Daytrip – Davis Dam

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(Fig. 01)
Directions - Davis Dam
Description: Davis Dam is situated in Pyramid Canyon (Fig. 01), 67 miles downstream from Hoover Dam, about 10 miles north of where the Arizona, California and Nevada boarders meet and approximately 2 miles upstream from Laughlin, Nevada and Bullhead City, Arizona. The dam itself was named after Arthur Powell Davis, a once Director of Reclamation and nephew of John Wesley Powell who explored the region in the late 1800s.
The Davis Dam Project was authorized April 26, 1941, and a contract for the construction of the dam and its associated structures was awarded in June 1942. However, work was halted after the War Production Board revoked priority ratings needed to obtain the necessary materials for construction. Work resumed in 1946, and the dam and power plant (Fig. 06) were completed in 1953 at a total cost of approximately $67 million dollars. It is a rock-fill embankment with a concrete spillway, gravity structure, intake structure and power plant.. Once completed, the body of water running through Black Canyon behind the dam was named Lake Mohave. Lake Mohave, has a total storage capacity of 1,818,300 acre-feet,

With a structural height of 200 feet and a base width of 1,400 feet, the earth filled dam itself contains 3,642,000 cubic yards of rock and earth. About 600,000 cubic yards of concrete and 23 million pounds of reinforcing steel were placed in the spillway, power plant, and other structures. The crest (top) of the dam had a width of 50 feet and a length of 1,600 feet. The spillway structure, seen on the right of the picture in (Fig. 06) has a crest elevation of 597 feet. Its three fixed-wheel regulating gates, each 50x50 feet, can handle 214,000 cubic feet of water per second. The tops of the five Francis turbines, as seen from the crest of the dam in (Fig. 07), each have a heated capacity of 48,000 kilowatts. Each turbine produces 62,200 horsepower and can discharge 6,200 cubic feet of water per second.

The Davis Dam Power Plant is located on the Arizona side of the dam. The hydroelectric plant generates between 1 and 2 terawatt-hours of electricity annually. This energy is used in the Southwest to turn the wheels of industry and pump water from wells to irrigate farmlands and water livestock. The primary purpose of Davis Dam is to re-regulate Hoover Dam releases to meet downstream needs, including the annual delivery of 1.5 million acre-feet of water to Mexico. This is in accordance with the 1944 water treaty with Mexico. Lake Mohave also provides recreation and habitat for fish and wildlife. Additionally the lake captures and delays the discharge of flash floods from side washes below Hoover Dam.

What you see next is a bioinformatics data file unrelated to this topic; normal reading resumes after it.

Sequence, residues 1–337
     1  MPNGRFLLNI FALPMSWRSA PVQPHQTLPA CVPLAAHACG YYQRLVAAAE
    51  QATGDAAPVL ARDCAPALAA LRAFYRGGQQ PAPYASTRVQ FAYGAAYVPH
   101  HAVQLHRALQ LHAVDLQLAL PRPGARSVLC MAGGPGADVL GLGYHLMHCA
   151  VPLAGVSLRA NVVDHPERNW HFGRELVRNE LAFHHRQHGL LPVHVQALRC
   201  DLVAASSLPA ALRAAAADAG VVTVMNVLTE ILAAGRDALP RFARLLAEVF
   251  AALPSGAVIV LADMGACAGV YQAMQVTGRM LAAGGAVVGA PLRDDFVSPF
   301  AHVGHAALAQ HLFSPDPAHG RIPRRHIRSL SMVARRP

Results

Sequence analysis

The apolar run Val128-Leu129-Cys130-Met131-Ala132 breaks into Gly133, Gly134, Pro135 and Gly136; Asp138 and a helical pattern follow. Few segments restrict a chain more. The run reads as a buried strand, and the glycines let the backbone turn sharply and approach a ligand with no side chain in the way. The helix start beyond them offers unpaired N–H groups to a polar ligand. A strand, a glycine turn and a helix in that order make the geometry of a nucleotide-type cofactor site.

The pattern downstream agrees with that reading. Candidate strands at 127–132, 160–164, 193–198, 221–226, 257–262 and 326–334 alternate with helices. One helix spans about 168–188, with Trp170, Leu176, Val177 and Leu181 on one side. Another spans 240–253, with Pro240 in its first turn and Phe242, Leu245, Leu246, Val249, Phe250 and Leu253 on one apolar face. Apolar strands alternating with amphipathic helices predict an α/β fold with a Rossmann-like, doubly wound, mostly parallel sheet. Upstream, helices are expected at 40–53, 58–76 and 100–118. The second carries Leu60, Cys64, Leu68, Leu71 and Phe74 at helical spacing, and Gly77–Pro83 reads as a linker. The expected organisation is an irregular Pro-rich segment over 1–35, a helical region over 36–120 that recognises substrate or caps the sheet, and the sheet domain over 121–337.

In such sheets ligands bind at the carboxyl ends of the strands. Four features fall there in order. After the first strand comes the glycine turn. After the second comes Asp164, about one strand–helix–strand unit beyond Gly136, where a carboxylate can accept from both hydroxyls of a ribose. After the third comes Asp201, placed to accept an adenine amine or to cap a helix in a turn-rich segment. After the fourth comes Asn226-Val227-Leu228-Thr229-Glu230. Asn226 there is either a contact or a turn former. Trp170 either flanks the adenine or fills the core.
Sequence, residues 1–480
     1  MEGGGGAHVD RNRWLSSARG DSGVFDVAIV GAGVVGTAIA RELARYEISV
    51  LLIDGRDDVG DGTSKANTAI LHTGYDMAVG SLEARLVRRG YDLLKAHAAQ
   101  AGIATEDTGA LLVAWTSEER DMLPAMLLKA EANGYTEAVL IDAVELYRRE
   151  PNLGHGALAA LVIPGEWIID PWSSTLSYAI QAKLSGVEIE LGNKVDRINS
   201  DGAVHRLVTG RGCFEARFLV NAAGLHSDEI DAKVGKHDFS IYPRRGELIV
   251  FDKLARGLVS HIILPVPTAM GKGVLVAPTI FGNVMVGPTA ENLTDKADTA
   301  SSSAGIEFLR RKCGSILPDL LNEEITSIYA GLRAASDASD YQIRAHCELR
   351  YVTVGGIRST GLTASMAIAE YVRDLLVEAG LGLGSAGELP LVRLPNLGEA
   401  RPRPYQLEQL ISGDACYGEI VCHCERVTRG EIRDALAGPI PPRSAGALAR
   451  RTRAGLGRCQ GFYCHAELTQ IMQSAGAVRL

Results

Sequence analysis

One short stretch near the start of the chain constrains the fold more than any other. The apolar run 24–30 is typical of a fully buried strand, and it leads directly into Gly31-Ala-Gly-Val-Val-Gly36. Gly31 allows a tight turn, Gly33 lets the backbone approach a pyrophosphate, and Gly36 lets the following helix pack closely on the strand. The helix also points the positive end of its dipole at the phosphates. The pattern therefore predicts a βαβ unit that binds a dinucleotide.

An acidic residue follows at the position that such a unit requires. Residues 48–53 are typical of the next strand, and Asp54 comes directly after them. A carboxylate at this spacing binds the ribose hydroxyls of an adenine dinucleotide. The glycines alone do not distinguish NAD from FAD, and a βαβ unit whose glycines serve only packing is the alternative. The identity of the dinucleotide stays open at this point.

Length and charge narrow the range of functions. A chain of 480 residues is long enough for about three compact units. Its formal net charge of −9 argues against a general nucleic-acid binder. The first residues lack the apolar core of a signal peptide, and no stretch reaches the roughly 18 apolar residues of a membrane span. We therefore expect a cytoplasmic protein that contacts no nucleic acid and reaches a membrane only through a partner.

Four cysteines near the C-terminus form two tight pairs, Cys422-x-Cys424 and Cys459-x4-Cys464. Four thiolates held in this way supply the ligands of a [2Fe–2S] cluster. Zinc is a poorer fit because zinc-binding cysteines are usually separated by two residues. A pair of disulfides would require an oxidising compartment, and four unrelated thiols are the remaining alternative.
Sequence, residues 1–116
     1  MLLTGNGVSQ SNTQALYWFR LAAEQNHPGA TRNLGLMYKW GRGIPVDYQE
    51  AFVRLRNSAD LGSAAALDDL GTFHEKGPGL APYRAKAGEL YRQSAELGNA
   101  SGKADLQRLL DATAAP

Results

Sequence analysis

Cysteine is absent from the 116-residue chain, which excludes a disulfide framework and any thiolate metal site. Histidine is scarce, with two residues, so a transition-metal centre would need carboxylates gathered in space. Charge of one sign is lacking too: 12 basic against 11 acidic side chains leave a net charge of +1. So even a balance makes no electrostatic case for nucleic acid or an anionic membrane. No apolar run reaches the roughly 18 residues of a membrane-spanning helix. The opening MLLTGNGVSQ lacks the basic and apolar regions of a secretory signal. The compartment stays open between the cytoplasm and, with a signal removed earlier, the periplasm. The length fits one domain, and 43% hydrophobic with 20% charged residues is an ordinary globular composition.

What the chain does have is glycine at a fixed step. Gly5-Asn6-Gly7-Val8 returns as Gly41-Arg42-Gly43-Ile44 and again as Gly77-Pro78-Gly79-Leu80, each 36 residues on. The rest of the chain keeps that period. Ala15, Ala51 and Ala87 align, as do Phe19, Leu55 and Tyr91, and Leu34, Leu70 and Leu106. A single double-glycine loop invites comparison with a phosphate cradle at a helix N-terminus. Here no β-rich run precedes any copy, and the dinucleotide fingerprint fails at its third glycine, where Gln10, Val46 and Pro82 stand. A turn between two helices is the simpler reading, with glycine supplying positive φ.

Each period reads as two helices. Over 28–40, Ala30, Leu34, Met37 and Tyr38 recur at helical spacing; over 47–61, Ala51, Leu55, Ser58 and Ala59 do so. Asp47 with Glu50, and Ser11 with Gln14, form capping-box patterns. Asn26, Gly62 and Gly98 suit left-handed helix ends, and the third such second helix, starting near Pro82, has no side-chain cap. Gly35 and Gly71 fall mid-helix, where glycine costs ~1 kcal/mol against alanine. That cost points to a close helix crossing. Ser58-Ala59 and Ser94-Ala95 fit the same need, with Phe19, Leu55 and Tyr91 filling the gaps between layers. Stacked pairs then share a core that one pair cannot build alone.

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12/19/2013 Trip Notes: Today’s visit to the Davis Dam and the Colorado River Heritage Greenway Park and Trails was with the rock-hounds from the Henderson Heritage Park’s Senior Facility. Information and pictures from this trip are divided between this page and my post for the Colorado River Heritage Park & Trails. The sunrise in (Fig. 02) was taken in the parking lot of the Heritage Park’s Senior Facility as we were boarding the van for our early morning ride to Laughlin and the Davis Dam. After taking the road leading down to the dam, we reached the picnic area referred to as the “North Reach” of the Greenway Park & Trails system. The majority of the group decided to hike to the top of the dam and across to the Arizona side of Lake Mojave. Some hiked the trail that led south along the river; and some of us hiked the trails that led up to the mountain ridge overlooking the dam, as seen behind the park's picnic area in (Fig. 10 - bottom). (Fig. 03) is a view from the Overlook Trail looking east towards the Arizona side of the river. (Fig. 04) is a view looking west towards the Spirit Mountain Range. Once we reached the top of this trail, we were afforded great views (Fig. 05) overlooking the dam and Lake Mojave.
(Fig. 02)
(Fig. 03)
(Fig. 04)
(Fig. 05)
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10/31/2013 Trip Notes: I stopped here today to capture some pictures after a morning of hiking just up the road to Hiko Spring and Grapevine Canyon. Though I have been here before, the weather on previous visits did not provide very good picture taking opportunities. As the road that crosses the top of the dam is closed to all vehicular traffic, I spent some time hiking to the crest of the dam. Standing near the middle of the dam, the view in (Fig. 08) is looking north toward Lake Mojave. The picture in (Fig. 09) is looking east along the 1,600 foot length of the dam’s crest towards the Arizona shoreline. (Fig. 07) is a view from the top of the dam looking southeast towards Bullhead City. The final picture (Fig. 10) shows “North Reach”, the northern portion of the Colorado River Heritage Greenway Park and Trails. (Be sure to click to enlarge so you can read the inserted text notes) 
(Fig. 06)
(Fig. 07)
(Fig. 08)
(Fig. 09)
(Fig. 10)